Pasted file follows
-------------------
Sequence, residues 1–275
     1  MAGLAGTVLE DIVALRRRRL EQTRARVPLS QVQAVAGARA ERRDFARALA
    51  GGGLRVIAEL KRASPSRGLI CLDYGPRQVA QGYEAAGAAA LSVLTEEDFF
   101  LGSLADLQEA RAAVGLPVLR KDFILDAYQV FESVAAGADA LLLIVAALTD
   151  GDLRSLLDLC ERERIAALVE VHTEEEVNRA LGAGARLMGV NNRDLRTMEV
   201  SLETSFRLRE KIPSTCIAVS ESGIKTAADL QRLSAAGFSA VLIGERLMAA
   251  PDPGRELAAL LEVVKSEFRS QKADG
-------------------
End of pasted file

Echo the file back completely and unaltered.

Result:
Sequence, residues 1–275
     1  MAGLAGTVLE DIVALRRRRL EQTRARVPLS QVQAVAGARA ERRDFARALA
    51  GGGLRVIAEL KRASPSRGLI CLDYGPRQVA QGYEAAGAAA LSVLTEEDFF
   101  LGSLADLQEA RAAVGLPVLR KDFILDAYQV FESVAAGADA LLLIVAALTD
   151  GDLRSLLDLC ERERIAALVE VHTEEEVNRA LGAGARLMGV NNRDLRTMEV
   201  SLETSFRLRE KIPSTCIAVS ESGIKTAADL QRLSAAGFSA VLIGERLMAA
   251  PDPGRELAAL LEVVKSEFRS QKADG